This year upended nearly every aspect of the working world. It meant learning about risk tolerance, stay-at-home orders, and “PPE.” We’ve watched companies reckon with racial injustice and seen whole workforces shift permanently to a remote model. Most recently, we’ve lived through a contentious and divisive election.
Dr. Meagan Baskin, Ph.D., a professor of strategic management at the University of Tulsa, is researching workplace bias toward gender and parental status. She said in 2020, one major factor contributes overwhelmingly to others: a lack of connection.
As workplaces shifted quickly to a remote environment, they faced communication issues that only made the swirling social, emotional, and health-related dynamics more complicated for HR.
“Getting them connected is at the forefront of all the challenges with wellbeing, bias, etcetera,” Baskin said. “It all stems from the inability to be connected with each other.”
Baskin said employers learned a lot about remote work in 2020, but they’ll need to reckon with challenges presented by a remote environment if they hope to successfully move forward. And they’ll need to do so at a time when everything is in flux.
“We’re having a crisis,” Baskin said. “It’s not business as usual.”
As we (finally) approach 2021, we wondered what lessons—about remote work, culture, and other challenges— HR professionals longed to share. Here’s what this tumultuous year taught 10 of them, and their suggestions for how we can adapt.
“With everything that has happened this past year, I realized it has become even more important than ever to support underrepresented communities. This is why I started WorkWider. And while race has been foremost in everyone’s minds lately, we also recognize there is a range of underrepresented groups and that’s why we specifically include: BIPOC, LGBT+, veterans, individuals with disabilities or neuro differences, as well as women and others over 50, all of whom experience to some degree being overlooked for hiring but maybe more than qualified for a certain position. We are striving to get everyone an equal footing when it comes to having access to job opportunities. Creating a culture where everyone is valued, welcome, and heard. Ensuring that you have representation at all levels of the organization goes a long way with employees, especially with people of color.”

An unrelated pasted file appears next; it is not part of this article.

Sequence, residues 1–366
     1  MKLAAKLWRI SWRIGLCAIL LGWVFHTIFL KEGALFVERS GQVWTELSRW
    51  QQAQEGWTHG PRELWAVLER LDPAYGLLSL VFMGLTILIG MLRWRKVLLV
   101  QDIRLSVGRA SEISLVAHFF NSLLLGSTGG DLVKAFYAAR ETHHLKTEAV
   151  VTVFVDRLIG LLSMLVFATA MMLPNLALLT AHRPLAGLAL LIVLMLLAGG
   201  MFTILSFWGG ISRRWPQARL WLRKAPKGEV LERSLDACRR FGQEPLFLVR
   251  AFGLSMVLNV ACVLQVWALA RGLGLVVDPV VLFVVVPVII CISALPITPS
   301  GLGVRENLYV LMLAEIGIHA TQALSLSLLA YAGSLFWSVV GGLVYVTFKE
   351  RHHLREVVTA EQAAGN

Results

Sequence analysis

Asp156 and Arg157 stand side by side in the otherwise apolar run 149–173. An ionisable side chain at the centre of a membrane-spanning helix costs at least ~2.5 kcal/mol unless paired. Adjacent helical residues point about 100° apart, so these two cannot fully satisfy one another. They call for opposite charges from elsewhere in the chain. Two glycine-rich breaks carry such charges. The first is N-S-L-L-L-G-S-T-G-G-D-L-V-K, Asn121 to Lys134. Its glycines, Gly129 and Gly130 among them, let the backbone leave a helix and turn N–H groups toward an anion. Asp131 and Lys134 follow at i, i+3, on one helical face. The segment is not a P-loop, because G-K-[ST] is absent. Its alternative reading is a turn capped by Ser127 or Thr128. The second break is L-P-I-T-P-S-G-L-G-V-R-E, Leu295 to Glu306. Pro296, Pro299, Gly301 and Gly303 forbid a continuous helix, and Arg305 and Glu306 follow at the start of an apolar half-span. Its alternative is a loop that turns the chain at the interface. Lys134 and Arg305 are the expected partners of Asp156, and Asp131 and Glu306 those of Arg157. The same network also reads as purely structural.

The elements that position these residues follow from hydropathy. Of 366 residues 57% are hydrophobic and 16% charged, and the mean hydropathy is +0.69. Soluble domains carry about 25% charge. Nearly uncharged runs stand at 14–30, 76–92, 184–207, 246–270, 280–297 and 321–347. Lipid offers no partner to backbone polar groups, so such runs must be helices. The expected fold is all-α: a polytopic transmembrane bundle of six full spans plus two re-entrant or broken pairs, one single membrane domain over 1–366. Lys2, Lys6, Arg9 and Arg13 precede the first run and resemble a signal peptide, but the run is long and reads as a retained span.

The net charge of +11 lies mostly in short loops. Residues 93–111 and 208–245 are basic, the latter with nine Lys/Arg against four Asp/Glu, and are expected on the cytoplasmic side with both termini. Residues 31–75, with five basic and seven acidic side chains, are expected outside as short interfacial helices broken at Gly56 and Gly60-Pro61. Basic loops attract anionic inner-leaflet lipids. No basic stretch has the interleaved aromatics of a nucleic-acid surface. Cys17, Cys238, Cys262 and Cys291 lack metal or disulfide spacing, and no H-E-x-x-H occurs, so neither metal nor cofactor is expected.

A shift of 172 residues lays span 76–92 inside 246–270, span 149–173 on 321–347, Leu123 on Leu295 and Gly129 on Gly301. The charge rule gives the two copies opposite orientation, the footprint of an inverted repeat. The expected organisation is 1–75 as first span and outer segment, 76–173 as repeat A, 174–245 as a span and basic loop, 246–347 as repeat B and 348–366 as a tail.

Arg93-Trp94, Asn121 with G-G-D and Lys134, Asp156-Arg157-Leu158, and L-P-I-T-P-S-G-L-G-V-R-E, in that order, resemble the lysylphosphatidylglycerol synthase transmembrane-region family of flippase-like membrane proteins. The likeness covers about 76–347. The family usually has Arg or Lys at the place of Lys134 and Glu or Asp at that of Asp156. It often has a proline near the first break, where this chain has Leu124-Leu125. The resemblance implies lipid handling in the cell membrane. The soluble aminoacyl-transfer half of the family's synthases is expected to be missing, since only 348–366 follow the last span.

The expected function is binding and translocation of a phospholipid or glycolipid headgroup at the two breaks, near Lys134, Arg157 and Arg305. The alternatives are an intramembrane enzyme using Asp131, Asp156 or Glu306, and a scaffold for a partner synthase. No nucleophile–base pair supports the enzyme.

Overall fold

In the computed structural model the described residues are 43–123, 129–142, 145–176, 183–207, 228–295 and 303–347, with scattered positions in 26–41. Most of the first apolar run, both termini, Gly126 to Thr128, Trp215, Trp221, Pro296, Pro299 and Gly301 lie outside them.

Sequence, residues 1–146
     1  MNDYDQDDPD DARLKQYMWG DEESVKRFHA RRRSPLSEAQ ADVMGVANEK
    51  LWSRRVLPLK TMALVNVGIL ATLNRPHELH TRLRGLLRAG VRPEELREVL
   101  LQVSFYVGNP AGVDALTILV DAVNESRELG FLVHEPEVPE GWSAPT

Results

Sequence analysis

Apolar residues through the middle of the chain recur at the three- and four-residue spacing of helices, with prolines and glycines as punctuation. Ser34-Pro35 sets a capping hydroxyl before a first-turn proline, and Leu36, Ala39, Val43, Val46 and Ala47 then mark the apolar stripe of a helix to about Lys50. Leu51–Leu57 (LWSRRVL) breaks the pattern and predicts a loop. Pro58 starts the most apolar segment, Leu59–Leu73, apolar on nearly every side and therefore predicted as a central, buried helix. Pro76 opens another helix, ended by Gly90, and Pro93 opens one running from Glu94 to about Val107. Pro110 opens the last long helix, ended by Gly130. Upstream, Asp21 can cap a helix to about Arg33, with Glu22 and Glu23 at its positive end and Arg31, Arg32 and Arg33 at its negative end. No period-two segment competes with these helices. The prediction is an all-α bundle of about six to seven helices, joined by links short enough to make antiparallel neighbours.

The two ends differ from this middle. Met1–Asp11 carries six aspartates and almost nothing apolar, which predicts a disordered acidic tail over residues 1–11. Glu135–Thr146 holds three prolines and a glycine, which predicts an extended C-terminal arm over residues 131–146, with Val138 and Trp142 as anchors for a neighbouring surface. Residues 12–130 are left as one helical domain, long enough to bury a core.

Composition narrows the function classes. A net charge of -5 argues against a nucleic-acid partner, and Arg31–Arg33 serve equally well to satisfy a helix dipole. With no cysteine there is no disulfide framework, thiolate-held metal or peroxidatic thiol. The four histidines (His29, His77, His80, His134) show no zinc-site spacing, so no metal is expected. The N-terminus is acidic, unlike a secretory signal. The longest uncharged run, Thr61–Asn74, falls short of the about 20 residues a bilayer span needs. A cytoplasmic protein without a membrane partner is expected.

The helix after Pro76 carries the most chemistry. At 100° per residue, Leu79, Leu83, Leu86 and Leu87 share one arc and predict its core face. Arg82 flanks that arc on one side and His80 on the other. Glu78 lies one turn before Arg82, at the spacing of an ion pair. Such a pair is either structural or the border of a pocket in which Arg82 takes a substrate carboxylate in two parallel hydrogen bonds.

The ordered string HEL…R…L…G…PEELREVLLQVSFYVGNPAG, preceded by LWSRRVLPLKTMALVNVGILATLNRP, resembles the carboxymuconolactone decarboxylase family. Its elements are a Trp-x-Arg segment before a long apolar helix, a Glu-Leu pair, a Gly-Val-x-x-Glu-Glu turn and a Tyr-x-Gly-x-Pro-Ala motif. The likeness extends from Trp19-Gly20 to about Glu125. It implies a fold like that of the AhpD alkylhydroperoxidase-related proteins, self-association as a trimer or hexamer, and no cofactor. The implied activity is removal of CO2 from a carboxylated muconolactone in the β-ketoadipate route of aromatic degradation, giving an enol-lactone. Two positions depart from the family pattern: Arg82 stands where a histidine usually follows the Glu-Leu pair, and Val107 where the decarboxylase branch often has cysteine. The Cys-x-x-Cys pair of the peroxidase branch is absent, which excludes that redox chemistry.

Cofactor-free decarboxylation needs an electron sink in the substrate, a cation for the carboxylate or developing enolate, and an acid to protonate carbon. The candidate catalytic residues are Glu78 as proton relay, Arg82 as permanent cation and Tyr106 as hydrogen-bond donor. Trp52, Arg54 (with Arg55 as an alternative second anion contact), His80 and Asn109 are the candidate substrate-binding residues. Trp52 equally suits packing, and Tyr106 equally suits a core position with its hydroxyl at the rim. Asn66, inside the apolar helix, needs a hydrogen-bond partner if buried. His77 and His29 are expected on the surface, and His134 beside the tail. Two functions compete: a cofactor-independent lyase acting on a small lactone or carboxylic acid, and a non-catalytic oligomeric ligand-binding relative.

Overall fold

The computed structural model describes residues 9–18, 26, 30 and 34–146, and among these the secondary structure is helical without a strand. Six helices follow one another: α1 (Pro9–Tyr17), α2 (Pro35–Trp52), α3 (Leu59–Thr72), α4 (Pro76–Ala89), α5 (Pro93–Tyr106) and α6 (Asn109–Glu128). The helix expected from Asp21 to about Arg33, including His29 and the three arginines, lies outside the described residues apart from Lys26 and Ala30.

“If 2020 has taught us anything, it’s that we need to think more strategically about worker safety. Companies who realize that their employees are their biggest assets have gone to great lengths to ensure their safety. After all, even a relatively small outbreak at an office or retail location could devastate a business already struggling under the pandemic.”
“I think the best thing any business owner can do right now is listen to their employees. It’s important to keep in mind that you need your employees as much as they need their job. Taking care of your staff makes them happier and more productive, and is ultimately an investment in the future of your business. Happy employees are also more likely to stick around with your company for the long term. Recruiting, onboarding, and training new staff has become far more complicated during the pandemic than it was before, so there’s extra motivation right now to hang on to your good staff and avoid this hassle.”
“First of all, I see that HR as a function has been valued like never before by businesses and hopefully they continue to see the value HR professionals can bring to a company, not just during a crisis. But when it comes to employees, the main lesson that I have learnt is how valuable it is for employers to be able to provide a more flexible way of working. By making work more flexible, we are opening up for a brand new type of workforce and are able to include more people in our candidate pools when hiring. I believe that this is an integral part of working towards a more diverse workforce since we are not excluding people who might need more flexibility but are still able to deliver the same result, like working mothers. The next phase is how to train and prepare leaders on how to manage a remote workforce.”